Flashback
A look back at this day in film history
November 26
October 3, 1960
The Entertainer opens in New York

The New York premiere of Tony Richardson’s The Entertainer gave Americans a taste of the “Angry Young Men” school of drama that was all the vogue in Britain. A few years earlier, Laurence Olivier, the great classical actor, had solicited playwright John Osborne (whose drama Look Back in Anger lead this movement) to write a vehicle for him. Staged in 1957, the play casts Olivier as Archie Rice, a washed-up song-and-dance man who holds on desperately to his stale routines, even as his personal life is falling apart around him. The dramatic metaphor of England as a dilapidated music hall, playing the same old tired music, was not missed by audiences or critics, who loudly debated the play’s significance. After much acclaim, Olivier took the play to Broadway, where he was nominated for a Tony in 1958. Shortly after, up-and-coming director Tony Richardson agreed to help bring the film to screen, with Osborne co-writing the screenplay and Olivier assuming the lead. Indeed Olivier supposedly turned down a handsome Hollywood movie deal to make this film on which his fee was deferred. While the film wasn’t a box office hit, it was a huge critical success, garnering Olivier the sixth of his ten Oscar nominations. But moreover it helped establish him as a actor versatile enough to embody Shakespeare’s grandeur and a sad sack’s squalor.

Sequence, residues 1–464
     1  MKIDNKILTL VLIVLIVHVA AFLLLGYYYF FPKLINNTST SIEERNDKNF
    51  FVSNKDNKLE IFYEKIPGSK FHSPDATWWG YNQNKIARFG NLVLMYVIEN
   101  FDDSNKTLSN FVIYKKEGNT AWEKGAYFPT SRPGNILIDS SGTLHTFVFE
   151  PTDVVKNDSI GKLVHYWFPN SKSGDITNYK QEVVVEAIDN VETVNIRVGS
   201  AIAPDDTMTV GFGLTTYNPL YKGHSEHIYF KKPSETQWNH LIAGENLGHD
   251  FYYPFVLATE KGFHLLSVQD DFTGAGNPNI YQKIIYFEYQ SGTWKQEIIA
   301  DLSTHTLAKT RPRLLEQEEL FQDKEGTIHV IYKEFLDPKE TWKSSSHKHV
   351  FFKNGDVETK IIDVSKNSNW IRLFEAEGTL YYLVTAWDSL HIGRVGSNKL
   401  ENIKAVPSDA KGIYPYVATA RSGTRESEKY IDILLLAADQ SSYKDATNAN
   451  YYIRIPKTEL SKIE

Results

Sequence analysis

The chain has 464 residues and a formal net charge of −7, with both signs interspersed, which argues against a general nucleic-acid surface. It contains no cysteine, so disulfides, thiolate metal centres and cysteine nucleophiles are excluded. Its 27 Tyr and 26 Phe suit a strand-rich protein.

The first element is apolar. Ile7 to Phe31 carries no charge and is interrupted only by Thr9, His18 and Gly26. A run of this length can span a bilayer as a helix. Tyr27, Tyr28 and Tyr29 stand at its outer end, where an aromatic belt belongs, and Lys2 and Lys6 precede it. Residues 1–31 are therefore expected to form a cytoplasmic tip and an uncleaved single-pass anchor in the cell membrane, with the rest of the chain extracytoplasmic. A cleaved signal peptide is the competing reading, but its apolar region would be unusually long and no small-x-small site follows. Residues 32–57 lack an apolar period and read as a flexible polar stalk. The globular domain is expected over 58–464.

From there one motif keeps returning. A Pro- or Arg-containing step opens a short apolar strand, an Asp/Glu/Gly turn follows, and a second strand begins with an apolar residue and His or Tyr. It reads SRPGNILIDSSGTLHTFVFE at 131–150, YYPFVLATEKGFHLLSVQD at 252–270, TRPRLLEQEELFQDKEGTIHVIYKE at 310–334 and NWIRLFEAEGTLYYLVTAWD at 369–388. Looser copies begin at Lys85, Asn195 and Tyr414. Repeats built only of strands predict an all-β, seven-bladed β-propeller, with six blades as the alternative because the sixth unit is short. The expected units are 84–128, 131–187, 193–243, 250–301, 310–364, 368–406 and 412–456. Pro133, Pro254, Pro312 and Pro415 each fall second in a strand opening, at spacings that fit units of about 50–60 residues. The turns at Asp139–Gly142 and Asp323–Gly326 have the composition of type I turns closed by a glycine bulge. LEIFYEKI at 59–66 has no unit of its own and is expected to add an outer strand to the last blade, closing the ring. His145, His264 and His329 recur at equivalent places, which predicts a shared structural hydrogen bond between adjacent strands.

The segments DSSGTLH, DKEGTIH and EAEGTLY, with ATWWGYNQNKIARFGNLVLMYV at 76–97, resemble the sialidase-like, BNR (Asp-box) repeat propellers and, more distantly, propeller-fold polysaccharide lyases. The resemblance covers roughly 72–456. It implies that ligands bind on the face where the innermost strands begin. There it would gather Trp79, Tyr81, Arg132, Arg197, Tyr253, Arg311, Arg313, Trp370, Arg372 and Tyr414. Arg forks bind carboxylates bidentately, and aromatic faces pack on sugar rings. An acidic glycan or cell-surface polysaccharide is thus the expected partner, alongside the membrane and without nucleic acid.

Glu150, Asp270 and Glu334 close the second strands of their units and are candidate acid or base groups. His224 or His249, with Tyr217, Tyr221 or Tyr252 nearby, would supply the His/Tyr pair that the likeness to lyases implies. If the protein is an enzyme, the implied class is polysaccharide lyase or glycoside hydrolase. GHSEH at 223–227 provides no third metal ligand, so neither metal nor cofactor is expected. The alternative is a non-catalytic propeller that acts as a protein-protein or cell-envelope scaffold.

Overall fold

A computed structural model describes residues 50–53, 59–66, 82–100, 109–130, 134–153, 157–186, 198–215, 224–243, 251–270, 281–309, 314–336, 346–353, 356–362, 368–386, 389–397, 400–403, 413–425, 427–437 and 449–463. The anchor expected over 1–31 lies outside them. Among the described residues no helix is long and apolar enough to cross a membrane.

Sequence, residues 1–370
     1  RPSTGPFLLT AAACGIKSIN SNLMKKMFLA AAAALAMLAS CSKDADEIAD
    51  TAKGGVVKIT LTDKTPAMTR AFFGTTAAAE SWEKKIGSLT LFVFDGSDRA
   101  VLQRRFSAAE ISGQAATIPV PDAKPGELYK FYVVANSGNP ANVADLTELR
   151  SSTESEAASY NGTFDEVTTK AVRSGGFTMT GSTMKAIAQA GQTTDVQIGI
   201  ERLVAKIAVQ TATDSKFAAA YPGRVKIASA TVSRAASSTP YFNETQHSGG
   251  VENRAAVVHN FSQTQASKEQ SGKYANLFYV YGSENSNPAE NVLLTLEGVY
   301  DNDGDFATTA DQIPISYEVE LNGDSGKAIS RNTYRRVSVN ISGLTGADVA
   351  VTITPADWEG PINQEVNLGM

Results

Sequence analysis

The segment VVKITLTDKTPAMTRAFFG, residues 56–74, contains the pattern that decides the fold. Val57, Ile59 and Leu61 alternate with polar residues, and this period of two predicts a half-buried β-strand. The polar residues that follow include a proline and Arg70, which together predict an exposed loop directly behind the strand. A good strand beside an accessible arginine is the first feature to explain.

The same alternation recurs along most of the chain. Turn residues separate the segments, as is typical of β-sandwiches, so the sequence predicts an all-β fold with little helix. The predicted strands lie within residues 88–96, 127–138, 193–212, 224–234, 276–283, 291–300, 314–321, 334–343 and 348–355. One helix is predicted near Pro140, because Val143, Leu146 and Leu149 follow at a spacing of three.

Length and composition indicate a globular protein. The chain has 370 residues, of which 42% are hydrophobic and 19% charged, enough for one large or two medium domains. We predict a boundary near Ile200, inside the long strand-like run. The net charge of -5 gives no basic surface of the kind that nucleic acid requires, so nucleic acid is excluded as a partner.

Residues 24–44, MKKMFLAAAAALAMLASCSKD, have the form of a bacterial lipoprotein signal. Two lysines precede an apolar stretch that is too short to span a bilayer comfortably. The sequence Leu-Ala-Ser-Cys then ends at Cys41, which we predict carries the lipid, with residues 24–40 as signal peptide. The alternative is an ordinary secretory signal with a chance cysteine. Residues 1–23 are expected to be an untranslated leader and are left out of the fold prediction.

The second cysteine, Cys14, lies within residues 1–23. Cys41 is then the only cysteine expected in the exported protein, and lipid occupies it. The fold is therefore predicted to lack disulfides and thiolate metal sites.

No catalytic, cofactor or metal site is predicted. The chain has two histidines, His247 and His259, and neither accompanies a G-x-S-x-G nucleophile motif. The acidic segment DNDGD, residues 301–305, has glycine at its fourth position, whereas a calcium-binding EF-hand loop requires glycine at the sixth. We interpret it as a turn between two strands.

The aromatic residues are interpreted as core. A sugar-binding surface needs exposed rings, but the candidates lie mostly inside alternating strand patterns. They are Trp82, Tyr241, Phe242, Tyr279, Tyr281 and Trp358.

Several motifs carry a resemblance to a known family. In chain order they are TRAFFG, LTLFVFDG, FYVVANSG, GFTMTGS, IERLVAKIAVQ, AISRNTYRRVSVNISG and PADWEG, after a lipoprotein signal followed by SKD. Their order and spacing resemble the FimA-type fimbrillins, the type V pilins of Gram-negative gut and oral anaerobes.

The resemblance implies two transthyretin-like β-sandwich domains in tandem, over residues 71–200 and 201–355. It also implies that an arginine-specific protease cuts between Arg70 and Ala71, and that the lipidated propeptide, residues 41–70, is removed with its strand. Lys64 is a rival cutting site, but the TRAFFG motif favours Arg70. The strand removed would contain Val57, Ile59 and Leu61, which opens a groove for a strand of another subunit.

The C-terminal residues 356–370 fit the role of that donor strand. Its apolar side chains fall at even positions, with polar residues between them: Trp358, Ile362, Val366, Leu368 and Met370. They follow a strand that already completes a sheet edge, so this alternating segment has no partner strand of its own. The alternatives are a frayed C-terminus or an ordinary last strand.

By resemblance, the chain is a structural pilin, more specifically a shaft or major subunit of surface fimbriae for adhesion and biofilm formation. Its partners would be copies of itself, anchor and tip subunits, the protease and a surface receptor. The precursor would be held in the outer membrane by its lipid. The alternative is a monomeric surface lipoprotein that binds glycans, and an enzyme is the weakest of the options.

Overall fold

More Flashbacks
Casablanca November 26, 1942
Casablanca released

In New York City, stars, including Humphrey Bogart and Ingrid Bergman, gathered for the premiere of Casablanca.

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November 26, 1993
Thirty Two Short Films About Glenn Gould released

Few knew what to expect from a film called Thirty Two Short Films About Glenn Gould when it opened in New York.

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November 26, 1993
A Life in Fragments

In the same month and year that Jane Campion’s The Piano was released, going on be nominated for 8 Oscars and winning three, a little known filmmaker from Toronto, François Girard, released Thirty Two Short Films About Glenn Gould, a bio-pic of sorts about the man that many consider to be one of the world’s greatest pianist. Taking its structure from Bach’s Goldberg Variations, the film mixes short pieces of documentary, animation, narrative (with Colm Feore playing Gould), and performance to throw light on this complex artist. Girard commented that “as Gould was such a complex character, the biggest problem was to find a way to look at his work and deal with his visions. The film is built of fragments, each one trying to capture an aspect of Gould.” The film also helped break open the biopic genre to all sorts of experimentation and transformation, as well as becoming iconic for innovative cinema. In 1996, for example, The Simpsons released their own tribute "22 Short Films About Springfield."

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